As a young man he began to write novels, without success. His early work shows a clever young writer, very erudite and showing off his knowledge in a showy and anxious-to-impress style that might have amused his friends and professors, but not the reading public. He managed to get a commission from a London publisher to write a book on Marcel Proust, then much discussed, only because no one else could be found to undertake it, and having spent a summer reading the French novelist, then some years dead, he wrote a very odd short study that really expressed how Proust had influenced his own developing philosophical ideas. It is today a much-read classic among Beckett fans, telling us more about the author than the subject. Having heard about a £10 poetry contest announced by Nancy Cunard, the arty daughter of the head of the shipping line, he wrote a long poem within the guidelines of the competition and won the prize, as well as being collected by Nancy as one of her many lovers.
When the war started he had been living for some years in France, often acting as a general unpaid helper to James Joyce, who he admired so much that he bought shoes the same size and forced his large feet into tiny footwear. Partly subsidised by his despairing parents, and otherwise earning small sums by translating from French to English for small literary magazines, he had by the outbreak of war in 1939 written three works of fiction. Two of them were published unsuccessfully, while the third, Murphy, received only one good review in a student magazine from Iris Murdoch, then studying English at Oxford. Very few copies were sold and nearly the whole small edition was destroyed in the London blitz. Harold Pinter, thirty years later, found a copy in a public library that had never been borrowed, and kept it.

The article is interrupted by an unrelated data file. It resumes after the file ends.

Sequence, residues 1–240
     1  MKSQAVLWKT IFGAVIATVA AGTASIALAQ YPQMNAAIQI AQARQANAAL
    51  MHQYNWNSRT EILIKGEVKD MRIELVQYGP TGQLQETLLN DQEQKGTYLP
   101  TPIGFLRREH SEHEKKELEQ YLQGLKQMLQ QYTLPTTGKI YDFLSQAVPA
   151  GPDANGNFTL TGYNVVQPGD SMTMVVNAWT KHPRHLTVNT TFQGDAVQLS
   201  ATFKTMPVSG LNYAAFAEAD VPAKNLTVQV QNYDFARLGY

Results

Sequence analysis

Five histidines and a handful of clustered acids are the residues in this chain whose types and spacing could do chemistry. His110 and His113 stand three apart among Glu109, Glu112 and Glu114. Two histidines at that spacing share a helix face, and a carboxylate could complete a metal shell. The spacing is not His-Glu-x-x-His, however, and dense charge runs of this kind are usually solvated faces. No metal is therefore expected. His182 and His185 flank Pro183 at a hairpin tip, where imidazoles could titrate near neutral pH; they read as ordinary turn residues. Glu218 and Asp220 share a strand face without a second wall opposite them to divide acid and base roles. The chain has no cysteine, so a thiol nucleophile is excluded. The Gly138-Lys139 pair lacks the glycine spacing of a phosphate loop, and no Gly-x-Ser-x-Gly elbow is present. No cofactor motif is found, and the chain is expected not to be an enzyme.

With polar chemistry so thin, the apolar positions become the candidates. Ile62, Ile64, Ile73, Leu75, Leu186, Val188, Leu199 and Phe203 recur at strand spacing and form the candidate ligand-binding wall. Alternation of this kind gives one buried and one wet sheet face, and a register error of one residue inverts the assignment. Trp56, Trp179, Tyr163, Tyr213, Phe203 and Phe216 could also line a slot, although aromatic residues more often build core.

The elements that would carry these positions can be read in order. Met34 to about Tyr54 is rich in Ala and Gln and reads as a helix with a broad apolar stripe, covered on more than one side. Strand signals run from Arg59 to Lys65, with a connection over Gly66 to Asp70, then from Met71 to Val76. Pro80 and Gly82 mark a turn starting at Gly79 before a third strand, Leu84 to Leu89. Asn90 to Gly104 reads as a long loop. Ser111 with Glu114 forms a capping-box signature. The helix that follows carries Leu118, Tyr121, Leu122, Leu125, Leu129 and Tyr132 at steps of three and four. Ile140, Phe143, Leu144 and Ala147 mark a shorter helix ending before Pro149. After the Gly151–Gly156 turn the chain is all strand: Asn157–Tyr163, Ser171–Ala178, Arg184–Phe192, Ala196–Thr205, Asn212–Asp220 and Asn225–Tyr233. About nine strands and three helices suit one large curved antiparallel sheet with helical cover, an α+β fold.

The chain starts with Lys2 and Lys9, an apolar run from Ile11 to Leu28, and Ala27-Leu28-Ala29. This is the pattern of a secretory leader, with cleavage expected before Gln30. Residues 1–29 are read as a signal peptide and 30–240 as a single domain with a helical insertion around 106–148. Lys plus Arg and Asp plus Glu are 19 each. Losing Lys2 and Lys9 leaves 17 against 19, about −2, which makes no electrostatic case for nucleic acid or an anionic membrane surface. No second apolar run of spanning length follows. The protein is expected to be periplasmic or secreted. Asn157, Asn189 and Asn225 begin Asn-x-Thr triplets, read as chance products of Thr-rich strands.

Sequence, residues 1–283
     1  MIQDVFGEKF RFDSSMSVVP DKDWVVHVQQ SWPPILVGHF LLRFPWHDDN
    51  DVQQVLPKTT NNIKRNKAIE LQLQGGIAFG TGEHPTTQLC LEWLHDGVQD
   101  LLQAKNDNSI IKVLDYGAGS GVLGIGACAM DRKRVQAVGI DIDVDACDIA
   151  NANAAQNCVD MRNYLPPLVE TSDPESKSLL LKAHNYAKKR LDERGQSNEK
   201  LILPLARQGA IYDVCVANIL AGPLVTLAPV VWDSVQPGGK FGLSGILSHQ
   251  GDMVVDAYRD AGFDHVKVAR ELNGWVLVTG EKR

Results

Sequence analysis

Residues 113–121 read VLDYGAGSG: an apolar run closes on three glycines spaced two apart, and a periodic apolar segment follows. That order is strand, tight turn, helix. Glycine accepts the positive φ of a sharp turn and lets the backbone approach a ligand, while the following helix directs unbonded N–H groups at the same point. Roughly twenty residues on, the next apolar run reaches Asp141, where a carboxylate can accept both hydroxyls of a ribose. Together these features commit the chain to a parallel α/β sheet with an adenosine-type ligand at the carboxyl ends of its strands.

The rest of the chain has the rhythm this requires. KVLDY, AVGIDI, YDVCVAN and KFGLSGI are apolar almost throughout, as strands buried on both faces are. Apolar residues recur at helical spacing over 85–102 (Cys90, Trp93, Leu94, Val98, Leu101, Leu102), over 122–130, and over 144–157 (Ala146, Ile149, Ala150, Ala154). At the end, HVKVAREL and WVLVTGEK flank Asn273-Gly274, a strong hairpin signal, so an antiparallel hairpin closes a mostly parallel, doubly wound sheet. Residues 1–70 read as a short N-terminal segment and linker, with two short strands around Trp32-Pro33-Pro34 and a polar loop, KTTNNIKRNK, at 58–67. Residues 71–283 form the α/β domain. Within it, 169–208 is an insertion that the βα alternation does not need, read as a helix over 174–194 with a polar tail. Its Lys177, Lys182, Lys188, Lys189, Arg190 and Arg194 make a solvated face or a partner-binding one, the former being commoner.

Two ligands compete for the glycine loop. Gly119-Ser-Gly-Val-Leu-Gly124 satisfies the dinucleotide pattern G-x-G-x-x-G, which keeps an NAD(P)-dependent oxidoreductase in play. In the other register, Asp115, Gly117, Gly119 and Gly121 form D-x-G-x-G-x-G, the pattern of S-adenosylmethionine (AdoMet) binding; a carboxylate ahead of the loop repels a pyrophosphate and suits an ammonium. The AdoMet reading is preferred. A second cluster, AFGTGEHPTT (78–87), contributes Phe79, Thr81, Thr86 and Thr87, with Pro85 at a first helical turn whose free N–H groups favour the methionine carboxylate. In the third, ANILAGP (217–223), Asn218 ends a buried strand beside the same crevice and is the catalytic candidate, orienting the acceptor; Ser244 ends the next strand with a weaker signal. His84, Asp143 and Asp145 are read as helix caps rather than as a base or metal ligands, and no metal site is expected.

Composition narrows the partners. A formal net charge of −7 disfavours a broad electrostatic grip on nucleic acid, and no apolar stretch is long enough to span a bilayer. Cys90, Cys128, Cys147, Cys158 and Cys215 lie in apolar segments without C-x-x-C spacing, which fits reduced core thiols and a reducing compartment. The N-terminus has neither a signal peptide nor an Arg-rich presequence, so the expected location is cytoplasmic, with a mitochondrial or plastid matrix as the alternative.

The war, as much as his studies and presence among the bohemian group of writers, painters and intellectuals of thirties Paris, forged Beckett into what he was to become. He was in Ireland on a family visit when war broke out, and Ireland remained neutral. But his friends were in Paris, and he rushed back to be with them. When they formed a resistance cell under the German occupation in 1940, he joined it. Loyalty to friends was a life-long characteristic. The cell was betrayed, many members of it were captured, tortured and died, but Beckett was lucky enough to escape. He had recently been involved with an older woman, a French piano teacher, Suzanne Dechevaux, and together they bicycled to the south, the self-governing Vichy regime under French fascists appointed by the Germans. In Roussillon, a hillside village in the Vaucluse mountains, they sat out the war, sometimes involved in guerrilla operations with the local Maquis. Suzanne and Sam were much in the company of a Jewish surrealist painter from Holland, having to hide in the woods whenever the Germans went through the village.